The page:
I just installed Ubuntu a few days ago... I have dual-boot now with Windows7 in a separate partition.

That was the hardest part... For some reason Windows 7 won't allow you to shrink the drive very much. It was showing that there was over 180 GB free on C:\ but it would only let me shrink it by 30 GB.

I had to use Partition Magic to shrink it (free trial)... Once I figured that and the ext4 formatting with GParted out it was smooth sailing from there.

Ubuntu is pretty easy to use... and is supposed to be far safer when it comes to viruses and such. I now do all of my online activities on the Linux side.

I'm typing from /dev/sda5 right now with sda6 as swap to enable hibernation. It's awesome... So fast compared to Windows!

The only issue I can't seem to figure out is poor online image resolution. All the text looks perfect but the images -not so much. Any Ubuntu users?

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Quote from: Entscheidungsproblem
Linux Mint or openSUSE.  In the past I would have recommend Ubuntu for said people, but I really don't like how 11.04 is shaping up.

What do you mean? Can you expand on that a little?

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« Reply #14 on: April 01, 2011, 06:18:30 PM »

What kind of linux system would you install for someone who's not computer literate?

Linux Mint or openSUSE.

Why are these good for non-literate users.  Linux Mint is based off of Debian, right?  

I use ubuntu on all my machines.  Two use XFCE for the desktop environment, one uses LXDE.  LXDE is pretty-bare bones, but it's a very efficient desktop environment.  I run it on an old celeron 1 GHz/512 mb ram (7 yo laptop).  It can run high quality flash streaming audio and 240p youtube video no sweat (but not at the same time).  I use the LXDE system as a music jukebox or internet radio player.  If the LXDE machine crashes, it won't take down the XFCE system.    

In the past I would have recommend Ubuntu for said people, but I really don't like how 11.04 is shaping up.

I'm still on 10.10.  I'm not in a rush to upgrade.  Once canonical goes to wayland, I'm jumping ship to a more xwindows friendly distro.  I suspect that Unity is bloatware.  Heck, xfce isn't that much more efficient than gnome or kde.

Friends of mine often say, "yeah I'd go to Linux, but I don't want to use commands."  It's just not possible to use Linux without learning commands.  I'd like to convert more users to Linux, but so many are intrinsically tied to GUI only computing.  Even casual computer users know that Win 7 is insanely bloated, but many view Win 7 as a necessary evil.
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« Reply #15 on: April 01, 2011, 06:23:46 PM »

The only issue I can't seem to figure out is poor online image resolution. All the text looks perfect but the images -not so much. Any Ubuntu users?

What video card are you using?

go to your shell and type this at the $ prompt (no need to be superuser):
lspci


Cut n paste the results here, and one of us should be able to find a driver.

EDIT: to cut down on the number of devices reported, type
lspci | grep VGA
.  If you don't get anything, try
lspci | grep DVI
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« Reply #16 on: April 01, 2011, 06:25:45 PM »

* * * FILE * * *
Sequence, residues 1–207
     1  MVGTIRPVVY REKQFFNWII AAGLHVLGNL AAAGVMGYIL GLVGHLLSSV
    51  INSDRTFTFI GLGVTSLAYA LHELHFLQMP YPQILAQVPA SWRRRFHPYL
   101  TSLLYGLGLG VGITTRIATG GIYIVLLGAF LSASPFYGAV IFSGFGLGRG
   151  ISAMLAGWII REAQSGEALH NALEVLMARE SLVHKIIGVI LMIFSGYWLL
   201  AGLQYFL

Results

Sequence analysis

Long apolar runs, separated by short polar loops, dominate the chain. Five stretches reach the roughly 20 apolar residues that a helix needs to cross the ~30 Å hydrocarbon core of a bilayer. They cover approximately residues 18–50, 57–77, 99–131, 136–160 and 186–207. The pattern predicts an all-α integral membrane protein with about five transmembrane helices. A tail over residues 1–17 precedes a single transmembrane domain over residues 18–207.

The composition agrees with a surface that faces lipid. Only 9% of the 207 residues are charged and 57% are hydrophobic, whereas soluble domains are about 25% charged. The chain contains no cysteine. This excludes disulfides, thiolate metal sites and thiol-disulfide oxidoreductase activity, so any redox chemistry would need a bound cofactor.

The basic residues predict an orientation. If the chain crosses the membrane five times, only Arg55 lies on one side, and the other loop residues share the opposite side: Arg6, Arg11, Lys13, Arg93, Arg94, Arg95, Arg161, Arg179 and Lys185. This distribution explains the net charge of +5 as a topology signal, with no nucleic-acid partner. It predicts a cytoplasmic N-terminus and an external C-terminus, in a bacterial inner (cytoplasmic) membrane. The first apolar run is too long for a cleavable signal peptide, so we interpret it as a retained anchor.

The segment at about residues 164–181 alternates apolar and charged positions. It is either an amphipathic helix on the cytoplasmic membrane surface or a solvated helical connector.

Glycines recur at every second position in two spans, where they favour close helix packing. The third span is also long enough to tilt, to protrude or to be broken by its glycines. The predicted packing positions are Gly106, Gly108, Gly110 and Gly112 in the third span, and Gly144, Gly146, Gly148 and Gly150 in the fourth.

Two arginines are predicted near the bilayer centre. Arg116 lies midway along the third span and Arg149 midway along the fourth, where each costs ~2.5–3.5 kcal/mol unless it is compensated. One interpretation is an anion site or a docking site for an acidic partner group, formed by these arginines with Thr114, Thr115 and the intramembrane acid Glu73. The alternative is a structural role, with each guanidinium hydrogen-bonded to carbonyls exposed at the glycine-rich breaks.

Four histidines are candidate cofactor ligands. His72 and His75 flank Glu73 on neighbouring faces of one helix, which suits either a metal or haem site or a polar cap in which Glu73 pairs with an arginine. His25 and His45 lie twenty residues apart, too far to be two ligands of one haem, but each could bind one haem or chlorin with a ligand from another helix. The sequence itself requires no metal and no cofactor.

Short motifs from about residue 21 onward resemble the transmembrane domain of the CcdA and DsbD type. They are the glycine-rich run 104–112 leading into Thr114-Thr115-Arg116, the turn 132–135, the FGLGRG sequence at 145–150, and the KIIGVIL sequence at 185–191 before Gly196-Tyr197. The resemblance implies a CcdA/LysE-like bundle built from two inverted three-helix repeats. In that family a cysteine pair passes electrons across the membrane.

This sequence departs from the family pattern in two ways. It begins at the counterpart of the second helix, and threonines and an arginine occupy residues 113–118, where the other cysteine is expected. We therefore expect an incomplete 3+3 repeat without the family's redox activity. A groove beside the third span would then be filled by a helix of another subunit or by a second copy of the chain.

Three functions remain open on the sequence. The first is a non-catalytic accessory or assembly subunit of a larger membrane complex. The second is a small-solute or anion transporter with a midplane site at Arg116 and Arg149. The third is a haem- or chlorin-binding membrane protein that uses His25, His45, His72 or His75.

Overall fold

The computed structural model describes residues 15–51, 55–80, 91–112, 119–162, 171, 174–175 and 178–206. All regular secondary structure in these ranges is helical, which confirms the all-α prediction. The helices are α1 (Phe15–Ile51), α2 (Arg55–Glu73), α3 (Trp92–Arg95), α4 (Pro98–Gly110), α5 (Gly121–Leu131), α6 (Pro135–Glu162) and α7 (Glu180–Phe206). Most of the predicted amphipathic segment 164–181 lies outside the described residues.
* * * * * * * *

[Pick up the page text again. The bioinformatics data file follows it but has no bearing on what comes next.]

Quote from: Entscheidungsproblem
Linux Mint or openSUSE.  In the past I would have recommend Ubuntu for said people, but I really don't like how 11.04 is shaping up.

What do you mean? Can you expand on that a little?

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Ubuntu has decided to fork from the rest of the GNOME community starting with Natty.  GNOME 3.0 is the next generation of GNOME, and has been somewhat controversial.  When the alpha was released, it was extremely bug ridden (more so than most alphas), and the sheer amount of change was similar to the changes that occurred with KDE.  Since then, it has been streamlined greatly, and looks quite promising.  Ubuntu jumped the gun and decided that Unity will be used rather than the GNOME shell.  I have personally never liked Unity (it has been available for some time via the net-book addition).  Things often don't render properly, and its attempt to emulate the Mac menu bar has mostly crashed and burned.
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« Reply #17 on: April 01, 2011, 06:29:31 PM »

Ubuntu has decided to fork from the rest of the GNOME community starting with Natty.  GNOME 3.0 is the next generation of GNOME, and has been somewhat controversial.  When the alpha was released, it was extremely bug ridden (more so than most alphas), and the sheer amount of change was similar to the changes that occurred with KDE.  Since then, it has been streamlined greatly, and looks quite promising.  Ubuntu jumped the gun and decided that Unity will be used rather than the GNOME shell.  I have personally never liked Unity (it has been available for some time via the net-book addition).  Things often don't render properly, and its attempt to emulate the Mac menu bar has mostly crashed and burned.

Would you consider moving to a lighter weight xwindows based DE?

Seriously, xfce will do anything that gnome or kde can do.  it's more efficient and is feature rich.  I don't mean to be a cheerleader, but I stopped using gnome a year ago and I don't miss it at all.  Also, xfce will handle dual monitors relatively well (you might need to modify .profile or the dreaded xorg file), but usually it's a fairly quick install if the video card is relatively modern.
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« Reply #18 on: April 01, 2011, 06:38:08 PM »

Y'all might as well be speaking squirrel.  Smiley
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« Reply #19 on: April 01, 2011, 06:41:32 PM »

Y'all might as well be speaking squirrel.  Smiley